NNPC alleges that Nigeria's oil and gas reserves are running out - The Galaxy Times | No.1 News hub in Rivers State and Nigeria

The Galaxy Times | No.1 News hub in Rivers State and Nigeria

For your daily news update on the state of Nigeria politics, social media/web management, SEO services and general blogging, stay connected with The Galaxy Times.

Breaking

Post Top Ad

Post Top Ad

Place Your Ads Here

Tuesday, 4 October 2016

NNPC alleges that Nigeria's oil and gas reserves are running out


Image result for NNPC
The Nigerian National Petroleum Corporation, NNPC has reported that  Nigeria’s  crude oil and gas reserves were fast depleting. In a statement by Group Managing Director of the NNPC, Mr. Maikanti
Baru in Abuja when he was hosted by the Nigerian Association of Petroleum Explorationists, NAPE, he  begged oil and gas exploration companies, professionals and other stakeholders to focus on increasing the nation’s oil and gas reserve base to match national aspirations to increase oil production.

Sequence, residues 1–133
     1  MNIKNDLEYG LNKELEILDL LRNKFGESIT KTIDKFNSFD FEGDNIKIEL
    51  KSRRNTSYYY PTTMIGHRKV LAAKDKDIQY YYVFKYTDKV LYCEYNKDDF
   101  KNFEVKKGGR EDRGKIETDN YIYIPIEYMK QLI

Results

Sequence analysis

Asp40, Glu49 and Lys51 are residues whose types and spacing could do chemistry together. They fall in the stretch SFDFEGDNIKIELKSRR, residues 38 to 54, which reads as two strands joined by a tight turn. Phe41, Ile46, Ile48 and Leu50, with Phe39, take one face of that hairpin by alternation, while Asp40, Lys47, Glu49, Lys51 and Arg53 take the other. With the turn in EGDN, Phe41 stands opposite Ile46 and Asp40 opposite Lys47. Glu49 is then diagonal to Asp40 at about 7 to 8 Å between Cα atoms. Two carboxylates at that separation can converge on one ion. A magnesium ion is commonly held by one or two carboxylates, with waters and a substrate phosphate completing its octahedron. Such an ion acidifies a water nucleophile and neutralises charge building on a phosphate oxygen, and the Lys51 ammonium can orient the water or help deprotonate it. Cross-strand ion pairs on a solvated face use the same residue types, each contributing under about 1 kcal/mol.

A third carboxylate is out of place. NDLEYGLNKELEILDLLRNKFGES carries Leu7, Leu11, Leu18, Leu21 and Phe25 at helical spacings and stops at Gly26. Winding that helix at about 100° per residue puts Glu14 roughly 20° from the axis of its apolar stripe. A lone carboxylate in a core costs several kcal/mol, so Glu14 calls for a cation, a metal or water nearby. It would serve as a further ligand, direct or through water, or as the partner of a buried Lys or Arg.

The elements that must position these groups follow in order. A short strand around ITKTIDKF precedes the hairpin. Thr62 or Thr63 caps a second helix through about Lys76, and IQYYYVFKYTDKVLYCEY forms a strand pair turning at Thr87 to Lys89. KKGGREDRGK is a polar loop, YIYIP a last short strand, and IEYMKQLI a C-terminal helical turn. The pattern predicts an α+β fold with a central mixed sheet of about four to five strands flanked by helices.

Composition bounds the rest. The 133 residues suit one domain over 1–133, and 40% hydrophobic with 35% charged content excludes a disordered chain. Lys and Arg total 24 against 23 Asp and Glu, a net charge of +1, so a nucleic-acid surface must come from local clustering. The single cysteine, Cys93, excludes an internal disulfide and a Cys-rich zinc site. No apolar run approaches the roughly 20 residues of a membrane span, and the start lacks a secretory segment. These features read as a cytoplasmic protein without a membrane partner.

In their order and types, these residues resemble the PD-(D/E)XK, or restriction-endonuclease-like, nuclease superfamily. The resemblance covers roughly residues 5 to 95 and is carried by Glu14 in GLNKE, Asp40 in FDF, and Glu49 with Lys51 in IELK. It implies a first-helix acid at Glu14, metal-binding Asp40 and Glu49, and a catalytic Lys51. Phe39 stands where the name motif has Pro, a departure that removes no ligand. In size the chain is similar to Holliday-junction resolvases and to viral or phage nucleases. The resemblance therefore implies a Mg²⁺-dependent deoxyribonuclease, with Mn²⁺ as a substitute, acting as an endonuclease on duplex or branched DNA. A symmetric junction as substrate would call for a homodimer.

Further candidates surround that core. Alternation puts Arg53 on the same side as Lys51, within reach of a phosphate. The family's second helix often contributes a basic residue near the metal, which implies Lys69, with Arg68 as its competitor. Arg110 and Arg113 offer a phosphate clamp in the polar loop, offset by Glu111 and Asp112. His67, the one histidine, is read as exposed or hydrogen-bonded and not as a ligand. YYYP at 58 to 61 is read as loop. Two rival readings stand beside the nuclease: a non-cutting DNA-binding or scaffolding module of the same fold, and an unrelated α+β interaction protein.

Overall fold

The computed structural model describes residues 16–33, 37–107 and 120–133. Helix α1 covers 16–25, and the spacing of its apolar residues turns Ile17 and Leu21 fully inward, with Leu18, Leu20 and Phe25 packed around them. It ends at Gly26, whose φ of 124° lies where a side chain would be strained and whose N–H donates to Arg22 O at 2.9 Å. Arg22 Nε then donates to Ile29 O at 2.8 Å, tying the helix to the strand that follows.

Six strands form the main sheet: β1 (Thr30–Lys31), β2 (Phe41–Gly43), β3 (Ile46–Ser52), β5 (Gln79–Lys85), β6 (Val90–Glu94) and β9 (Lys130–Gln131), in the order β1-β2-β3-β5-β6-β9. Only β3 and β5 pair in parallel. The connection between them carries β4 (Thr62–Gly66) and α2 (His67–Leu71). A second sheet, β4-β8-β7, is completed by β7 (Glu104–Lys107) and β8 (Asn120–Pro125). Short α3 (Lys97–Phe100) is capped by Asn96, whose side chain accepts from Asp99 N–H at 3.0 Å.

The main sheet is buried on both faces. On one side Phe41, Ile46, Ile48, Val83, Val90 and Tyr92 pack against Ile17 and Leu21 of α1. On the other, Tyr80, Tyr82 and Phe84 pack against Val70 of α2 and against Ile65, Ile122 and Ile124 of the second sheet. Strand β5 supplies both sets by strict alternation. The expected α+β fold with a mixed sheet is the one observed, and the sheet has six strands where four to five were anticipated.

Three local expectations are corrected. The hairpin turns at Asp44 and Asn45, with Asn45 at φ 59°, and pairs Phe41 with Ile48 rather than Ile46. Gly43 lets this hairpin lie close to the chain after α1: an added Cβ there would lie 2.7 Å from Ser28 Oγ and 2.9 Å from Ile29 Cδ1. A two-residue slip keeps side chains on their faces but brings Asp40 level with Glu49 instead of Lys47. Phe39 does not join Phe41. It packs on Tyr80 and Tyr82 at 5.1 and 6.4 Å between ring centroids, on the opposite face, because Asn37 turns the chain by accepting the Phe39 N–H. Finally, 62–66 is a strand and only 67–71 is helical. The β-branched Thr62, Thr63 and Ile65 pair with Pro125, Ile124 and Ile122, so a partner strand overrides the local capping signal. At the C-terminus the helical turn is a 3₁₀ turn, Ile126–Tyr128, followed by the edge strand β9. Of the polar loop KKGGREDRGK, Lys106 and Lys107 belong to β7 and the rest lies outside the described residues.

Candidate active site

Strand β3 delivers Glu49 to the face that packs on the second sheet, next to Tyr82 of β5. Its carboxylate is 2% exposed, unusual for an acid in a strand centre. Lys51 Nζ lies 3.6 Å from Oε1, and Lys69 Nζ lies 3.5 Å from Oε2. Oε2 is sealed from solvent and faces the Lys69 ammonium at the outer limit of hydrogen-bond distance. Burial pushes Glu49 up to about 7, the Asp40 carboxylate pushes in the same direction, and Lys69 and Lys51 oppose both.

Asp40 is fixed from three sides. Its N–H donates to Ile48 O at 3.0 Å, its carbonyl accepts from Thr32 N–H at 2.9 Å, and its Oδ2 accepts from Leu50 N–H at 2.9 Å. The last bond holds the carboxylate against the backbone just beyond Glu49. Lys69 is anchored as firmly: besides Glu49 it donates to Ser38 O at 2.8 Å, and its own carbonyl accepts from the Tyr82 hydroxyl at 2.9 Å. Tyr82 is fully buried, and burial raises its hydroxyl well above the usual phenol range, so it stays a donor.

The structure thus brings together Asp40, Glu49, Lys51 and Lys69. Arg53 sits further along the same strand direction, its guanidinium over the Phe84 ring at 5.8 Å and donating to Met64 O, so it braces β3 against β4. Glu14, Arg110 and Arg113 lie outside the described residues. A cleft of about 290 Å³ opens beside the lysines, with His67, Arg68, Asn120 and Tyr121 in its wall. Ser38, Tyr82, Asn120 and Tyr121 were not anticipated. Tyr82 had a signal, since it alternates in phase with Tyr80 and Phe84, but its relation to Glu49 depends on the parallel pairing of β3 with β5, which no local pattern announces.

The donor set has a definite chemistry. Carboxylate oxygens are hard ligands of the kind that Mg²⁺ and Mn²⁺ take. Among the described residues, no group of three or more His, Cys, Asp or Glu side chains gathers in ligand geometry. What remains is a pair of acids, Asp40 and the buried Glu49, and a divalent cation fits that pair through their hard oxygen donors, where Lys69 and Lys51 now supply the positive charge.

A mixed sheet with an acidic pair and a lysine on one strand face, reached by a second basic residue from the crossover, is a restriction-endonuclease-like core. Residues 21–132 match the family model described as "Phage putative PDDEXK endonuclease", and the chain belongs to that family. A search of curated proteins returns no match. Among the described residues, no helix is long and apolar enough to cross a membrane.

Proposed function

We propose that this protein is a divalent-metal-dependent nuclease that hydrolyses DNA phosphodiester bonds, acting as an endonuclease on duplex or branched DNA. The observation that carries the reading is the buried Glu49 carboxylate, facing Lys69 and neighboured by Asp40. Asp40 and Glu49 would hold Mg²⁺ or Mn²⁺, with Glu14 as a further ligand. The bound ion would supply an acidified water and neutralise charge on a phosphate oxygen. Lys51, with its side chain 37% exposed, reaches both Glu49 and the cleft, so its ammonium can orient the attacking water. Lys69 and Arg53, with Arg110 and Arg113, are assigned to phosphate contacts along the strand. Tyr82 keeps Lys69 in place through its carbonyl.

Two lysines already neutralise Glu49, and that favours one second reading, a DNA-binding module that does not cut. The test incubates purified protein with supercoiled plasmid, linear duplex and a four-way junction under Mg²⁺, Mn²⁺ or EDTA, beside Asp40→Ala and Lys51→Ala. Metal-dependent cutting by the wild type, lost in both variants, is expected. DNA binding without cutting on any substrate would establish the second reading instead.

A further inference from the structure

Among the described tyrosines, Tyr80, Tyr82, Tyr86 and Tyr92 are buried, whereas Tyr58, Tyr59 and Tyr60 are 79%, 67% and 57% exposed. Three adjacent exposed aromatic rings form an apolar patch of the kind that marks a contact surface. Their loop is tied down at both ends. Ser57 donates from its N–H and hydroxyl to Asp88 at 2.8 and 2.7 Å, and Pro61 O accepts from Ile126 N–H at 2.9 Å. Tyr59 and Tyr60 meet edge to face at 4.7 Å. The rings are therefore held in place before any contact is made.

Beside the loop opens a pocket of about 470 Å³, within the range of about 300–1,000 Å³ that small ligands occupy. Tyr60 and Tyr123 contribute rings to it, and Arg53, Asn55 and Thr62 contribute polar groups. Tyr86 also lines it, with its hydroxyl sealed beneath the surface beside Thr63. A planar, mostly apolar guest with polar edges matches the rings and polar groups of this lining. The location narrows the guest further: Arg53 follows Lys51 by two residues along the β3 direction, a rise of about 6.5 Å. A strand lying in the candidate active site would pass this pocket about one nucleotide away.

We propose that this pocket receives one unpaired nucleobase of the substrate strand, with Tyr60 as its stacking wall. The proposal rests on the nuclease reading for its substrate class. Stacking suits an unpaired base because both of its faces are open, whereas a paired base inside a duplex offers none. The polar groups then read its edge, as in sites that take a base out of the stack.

He also expressed readiness of the NNPC to partner with stakeholders in the oil and gas industry to grow the nation’s fast depleting reserves in order to increase productivity in the petroleum sector. He said: “Our national gas demand forecast to year 2020, domestic plus export, indicates a rapid growth to 15 billion Standard Cubic Feet per day (bscfd), meaning current reserves level can only sustain that production for 35 years, if we do not increase the 2bscfd gas reserves base which require three trillion cubic feet (tcf) to replace production yearly.”

It was also revealed that the country’s drive for industrialization risks being truncated, as Baru stated that the country’s aspirations were to increase oil production to four million barrels per day and meet gas demand of 15 billion standard cubic feet per day, bscfd, by 2020, required for industrialization and consumption.

He further lamented that less than three per cent of all oil wells drilled in the Niger Delta Basin, both onshore and swamp, were deeper than 15,000 feet, adding that a greater number of these wells had not gone beyond the 10,000 feet as a high pressure regime seemed to be a limiting factor.

No comments:

Post a Comment

Post Top Ad

Place your Ads Here